Buckypaper

Buckypaper is a thin sheet made from an aggregate of carbon nanotubes. Originally, it was fabricated as a way to handle carbon nanotubes, but it is currently being studied and developed into applications by several research groups, showing promise as a building material for aerospace vehicles, body armor and next-generation electronics and displays.

Background

in Chemistry for their discovery of buckminsterfullerene. Their discoveries and subsequent work with carbon nanotubes led to a revolution in the fields of chemistry and materials science.

Synthesis

The generally accepted method for forming such CNT films involves the use of non-ionic surfactants, such as Triton X-100 [Panhuis MIH, Salvador-Morales C, Franklin E, Chambers G, Fonseca A and Nagy JB, et al. "Characterization of an interaction between functionalized carbon nanotubes and an enzyme". J Nanosci Nanotechno 2003;3(3):209-13] and Sodium lauryl sulfate [Sun J and Gao L. "Development of a dispersion process for carbon nanotubes in ceramic matrix by heterocoagulation". Carbon 2003;41(5):1063-68] , which improves their dispersibility in aqueous solution. These suspensions can then be membrane filtered under positive or negative pressure to yield uniform films [Vohrer U, Kolaric I, Haque MH, Roth S and Detlaff-Weglikowska U. "Carbon nanotube sheets for the use as artificial muscles". Carbon 2004;42(5-6):1159-64] . The Van der Waals forces interaction between the nanotube surface and the surfactant can often be mechanically strong and quite stable and therefore there are no assurances that all the surfactant is removed from the CNT film after formation. Washing with methanol, an effective solvent in the removal of Triton X, was found to cause cracking and deformation of the film. It has also been found that Triton X can lead to cell lysis and in turn tissue inflammatory responses even at low concentrations [Cornett JB and Shockman GD. "Cellular lysis of Streptococcus faecalis induced with Triton X-100". J Bacteriol 1978;135(1):153–60] .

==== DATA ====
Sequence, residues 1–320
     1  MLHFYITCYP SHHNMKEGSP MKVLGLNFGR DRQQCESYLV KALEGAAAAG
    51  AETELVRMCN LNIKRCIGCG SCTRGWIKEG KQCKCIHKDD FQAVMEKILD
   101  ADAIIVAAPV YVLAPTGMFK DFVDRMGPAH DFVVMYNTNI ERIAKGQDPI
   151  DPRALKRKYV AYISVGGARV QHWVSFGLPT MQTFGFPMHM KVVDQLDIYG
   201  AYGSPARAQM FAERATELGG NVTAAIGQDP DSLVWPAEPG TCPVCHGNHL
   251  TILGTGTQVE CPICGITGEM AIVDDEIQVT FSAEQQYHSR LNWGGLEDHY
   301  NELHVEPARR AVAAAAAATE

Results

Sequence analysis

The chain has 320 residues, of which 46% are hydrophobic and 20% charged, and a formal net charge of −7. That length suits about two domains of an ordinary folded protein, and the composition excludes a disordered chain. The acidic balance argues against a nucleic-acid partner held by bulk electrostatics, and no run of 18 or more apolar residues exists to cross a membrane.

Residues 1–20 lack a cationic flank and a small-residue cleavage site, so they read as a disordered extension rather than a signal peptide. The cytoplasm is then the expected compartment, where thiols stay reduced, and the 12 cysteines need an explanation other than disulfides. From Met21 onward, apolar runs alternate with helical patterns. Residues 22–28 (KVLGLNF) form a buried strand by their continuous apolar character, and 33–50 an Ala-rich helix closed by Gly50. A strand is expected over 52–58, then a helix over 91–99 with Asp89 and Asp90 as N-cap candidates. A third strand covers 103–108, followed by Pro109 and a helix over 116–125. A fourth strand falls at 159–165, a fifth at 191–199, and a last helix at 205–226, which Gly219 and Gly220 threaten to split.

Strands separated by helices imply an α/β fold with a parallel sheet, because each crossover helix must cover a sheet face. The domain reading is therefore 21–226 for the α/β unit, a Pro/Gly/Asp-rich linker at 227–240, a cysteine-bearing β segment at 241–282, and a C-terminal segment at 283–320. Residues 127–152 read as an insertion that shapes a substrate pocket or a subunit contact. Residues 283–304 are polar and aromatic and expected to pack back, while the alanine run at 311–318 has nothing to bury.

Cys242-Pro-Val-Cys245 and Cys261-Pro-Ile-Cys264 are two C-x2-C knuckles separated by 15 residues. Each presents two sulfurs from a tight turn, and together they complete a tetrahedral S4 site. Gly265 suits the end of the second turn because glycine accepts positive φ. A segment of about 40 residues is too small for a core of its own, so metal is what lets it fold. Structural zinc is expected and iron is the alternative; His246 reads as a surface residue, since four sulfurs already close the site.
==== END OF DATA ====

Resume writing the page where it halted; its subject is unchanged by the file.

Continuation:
In order to avoid adverse side-effects from the possible presence of surfactants, an alternative casting process was developed involving a Frit Compression method that did not require the use of surfactants or surface modification [Whitby RLD, Fukuda T, Maekawa T, James SL, Mikhalovsky SV, "Geometric control and tuneable pore size distribution of buckypaper and buckydiscs". Carbon 2008;46(6):949-956] . The dimensions can be controlled through the size of the syringe housing and the through the mass of carbon nanotubes added. Their thicknesses are typically much larger than surfactant-cast buckypaper and have been synthesised from 120 μm up to 650 μm; whilst no nomenclature system exists to govern thicknesses for samples to be classified as paper, samples with thicknesses greater than 500 μm are referred to as buckydiscs. Beyond 5mm thickness, the sample is termed a buckycolumn. The frit compression method allows rapid casting of buckypaper, buckydiscs and buckycolumns with recovery of the casting solvent and control over the 2D and 3D geometry.